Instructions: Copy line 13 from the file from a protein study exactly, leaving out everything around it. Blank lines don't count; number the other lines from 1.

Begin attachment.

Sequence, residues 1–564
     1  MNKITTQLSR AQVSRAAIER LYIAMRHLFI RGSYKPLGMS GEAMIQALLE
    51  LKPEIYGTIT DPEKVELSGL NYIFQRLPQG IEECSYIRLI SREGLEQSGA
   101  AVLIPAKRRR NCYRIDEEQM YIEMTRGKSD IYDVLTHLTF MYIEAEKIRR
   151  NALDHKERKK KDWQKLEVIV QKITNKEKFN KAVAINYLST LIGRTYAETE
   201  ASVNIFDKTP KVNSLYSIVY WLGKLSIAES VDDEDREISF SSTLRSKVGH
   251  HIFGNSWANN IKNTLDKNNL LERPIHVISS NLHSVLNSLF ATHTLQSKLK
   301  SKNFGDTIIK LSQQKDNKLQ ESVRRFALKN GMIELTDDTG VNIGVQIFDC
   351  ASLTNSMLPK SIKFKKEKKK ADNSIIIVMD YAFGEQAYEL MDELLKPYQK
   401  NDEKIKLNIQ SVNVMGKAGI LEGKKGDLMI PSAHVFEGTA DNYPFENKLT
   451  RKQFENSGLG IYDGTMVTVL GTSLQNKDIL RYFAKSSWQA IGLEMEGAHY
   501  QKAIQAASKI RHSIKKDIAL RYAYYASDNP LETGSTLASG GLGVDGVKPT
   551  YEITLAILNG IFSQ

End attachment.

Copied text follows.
   551  YEITLAILNG IFSQ